Becky Wai-Ling Packard

Meribeth E. Cameron Faculty Award for Scholarship

It is one thing to be a stellar scholar, nationally and internationally recognized in one’s field, and it is another altogether if one’s scholarship also transforms higher education itself. But this is exactly the way to describe the research accomplishments of Becky Packard. An educational psychologist who joined the Mount Holyoke faculty in 1999, Becky’s research focuses on the mentoring, advising, and retention of underrepresented students across the curriculum but particularly in STEM fields. In more than 30 articles on which she is the lead or a co-author and in her recent book – Successful  STEM Mentoring Initiatives for Underrepresented Students: A research-based guide for faculty and administrators – she has provided research-based approaches for how to challenge the systemic marginalization of particular groups of students and thus to radically alter not only the outcomes for these students but the structures of exclusion that shape the disciplines and institutions in which we work.  Her scholarship bridges the divides between theory, research methods, and praxis seamlessly. As a result, Becky’s work maps for us a series of interventions, mechanisms, and pedagogical and institutional practices that make possible not just the persistence of underrepresented students but that allow them to thrive. Notably, Becky defines “underrepresented” expansively, giving her work enormous reach and impact. She teaches us how to support the pathways and to foster the success of people of color, women, community college transfer students, first generation students, non-traditional age students, and both working and working class students. As a recent reviewer asserts, her scholarship is “a virtual treasure trove” of strategies that can revolutionize the success of both undergraduate and graduate students in STEM through what Becky calls “mentoring with intention.” To those who ask how to ensure diversity, equity, and inclusion in higher education, Becky Packard gives us a truly compelling and transformative set of answers.

The expansive nature and broad impact of Becky’s scholarship and its practical application have ensured that, in addition to receiving impressive recognition in the field of educational psychology, she is recognized and celebrated in a variety of other fields into which her work intervenes. In 2005, she won the Presidential Early Career Award for Scientists and Engineers (PECASE) which is the highest honor bestowed by U.S. government upon early-career scientists. She has won three NSF grants for her research on pathways in STEM fields totaling over 1.5 million dollars as well as other prestigious grants from the Arthur Vining Davis Foundation, the Marion and Jasper Whiting Foundation, and Google. In other words, her reputation moves across disciplinary and institutional boundaries in ways that are truly rare.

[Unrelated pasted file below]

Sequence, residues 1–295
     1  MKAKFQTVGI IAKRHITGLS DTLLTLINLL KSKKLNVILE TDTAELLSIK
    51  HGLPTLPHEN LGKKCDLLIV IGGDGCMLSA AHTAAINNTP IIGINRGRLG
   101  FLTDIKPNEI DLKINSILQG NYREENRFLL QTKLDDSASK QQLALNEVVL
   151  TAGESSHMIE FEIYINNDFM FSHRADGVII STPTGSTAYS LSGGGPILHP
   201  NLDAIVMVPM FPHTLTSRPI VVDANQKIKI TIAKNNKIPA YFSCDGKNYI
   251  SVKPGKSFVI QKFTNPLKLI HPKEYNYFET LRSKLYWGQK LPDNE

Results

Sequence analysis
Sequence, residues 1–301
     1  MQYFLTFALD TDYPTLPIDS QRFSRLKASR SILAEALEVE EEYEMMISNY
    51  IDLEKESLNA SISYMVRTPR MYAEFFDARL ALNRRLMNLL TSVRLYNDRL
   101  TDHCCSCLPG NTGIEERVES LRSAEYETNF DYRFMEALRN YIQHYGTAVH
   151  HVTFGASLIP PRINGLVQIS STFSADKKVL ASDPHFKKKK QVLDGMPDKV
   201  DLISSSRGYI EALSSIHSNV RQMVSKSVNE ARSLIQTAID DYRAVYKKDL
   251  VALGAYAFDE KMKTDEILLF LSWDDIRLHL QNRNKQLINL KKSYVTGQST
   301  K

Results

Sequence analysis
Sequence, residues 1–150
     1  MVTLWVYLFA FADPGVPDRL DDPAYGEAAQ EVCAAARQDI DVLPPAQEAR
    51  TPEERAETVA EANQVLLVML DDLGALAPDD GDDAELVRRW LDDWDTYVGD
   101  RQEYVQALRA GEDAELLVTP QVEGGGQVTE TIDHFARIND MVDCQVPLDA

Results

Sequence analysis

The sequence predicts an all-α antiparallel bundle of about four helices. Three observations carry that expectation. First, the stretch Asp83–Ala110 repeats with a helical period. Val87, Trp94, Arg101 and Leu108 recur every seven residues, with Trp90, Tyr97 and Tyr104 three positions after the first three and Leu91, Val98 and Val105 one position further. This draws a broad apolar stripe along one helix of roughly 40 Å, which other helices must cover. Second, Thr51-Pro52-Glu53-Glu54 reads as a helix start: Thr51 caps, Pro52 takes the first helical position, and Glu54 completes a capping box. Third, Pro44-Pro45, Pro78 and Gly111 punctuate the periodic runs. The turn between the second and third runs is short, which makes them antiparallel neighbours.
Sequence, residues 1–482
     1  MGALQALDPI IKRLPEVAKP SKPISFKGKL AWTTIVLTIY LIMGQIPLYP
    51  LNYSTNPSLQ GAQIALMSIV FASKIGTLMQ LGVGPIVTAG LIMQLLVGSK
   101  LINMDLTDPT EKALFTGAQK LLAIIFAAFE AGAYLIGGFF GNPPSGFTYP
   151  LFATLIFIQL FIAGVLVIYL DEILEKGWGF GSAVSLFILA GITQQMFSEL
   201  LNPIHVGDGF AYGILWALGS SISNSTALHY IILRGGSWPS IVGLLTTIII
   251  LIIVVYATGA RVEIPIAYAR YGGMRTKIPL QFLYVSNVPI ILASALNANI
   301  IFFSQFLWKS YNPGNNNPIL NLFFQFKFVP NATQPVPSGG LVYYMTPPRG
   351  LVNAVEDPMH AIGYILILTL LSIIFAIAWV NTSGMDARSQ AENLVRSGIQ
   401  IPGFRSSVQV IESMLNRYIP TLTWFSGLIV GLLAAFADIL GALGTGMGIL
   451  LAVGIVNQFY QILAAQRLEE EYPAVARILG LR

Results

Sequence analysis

Becky is widely sought after for her consulting, as she is able to move institutions of all kinds towards an inclusive environment in which excellence is possible for all students, faculty, and staff. Over 45 colleges and universities have invited her to provide workshops on mentoring of all kinds, as have numerous professional organizations, businesses, non-profits, and community organizations. In other words, Becky’s research makes her a leader in the vital work of fostering the conditions that create equity. Her leadership extends well beyond higher education in numerous ways, but in particular in the ways that her work has helped educational institutions to support underrepresented students who in turn change the world when they leave their colleges and universities and move out into the workforce. And we are so lucky that Becky has generously shared her expertise in mentoring, equity, and fostering diversity with the Mount Holyoke community – through her teaching and advising, as the founding Director of the Teaching and Learning Initiative program, as Associate Dean of Faculty, and as Director of the Weissman Center for Leadership. For Becky, teaching, advising, and research are therefore truly inseparable, making her a model colleague at our research liberal arts college. Her ability to transform the institutions at which she works in so many positive ways was recently recognized by the University of Massachusetts, Amherst which asked her to be (just temporarily) the Chancellor’s Leadership Fellow-in-Residence. It is not often that one sees rigorous scholarship that is linked to transformative practice but is also animated by genuine generosity, a devotion to community, and a true commitment to social justice. But in Becky Packard, we see just that remarkable combination. We are delighted to present her with the Meribeth E. Cameron Faculty Award for Scholarship.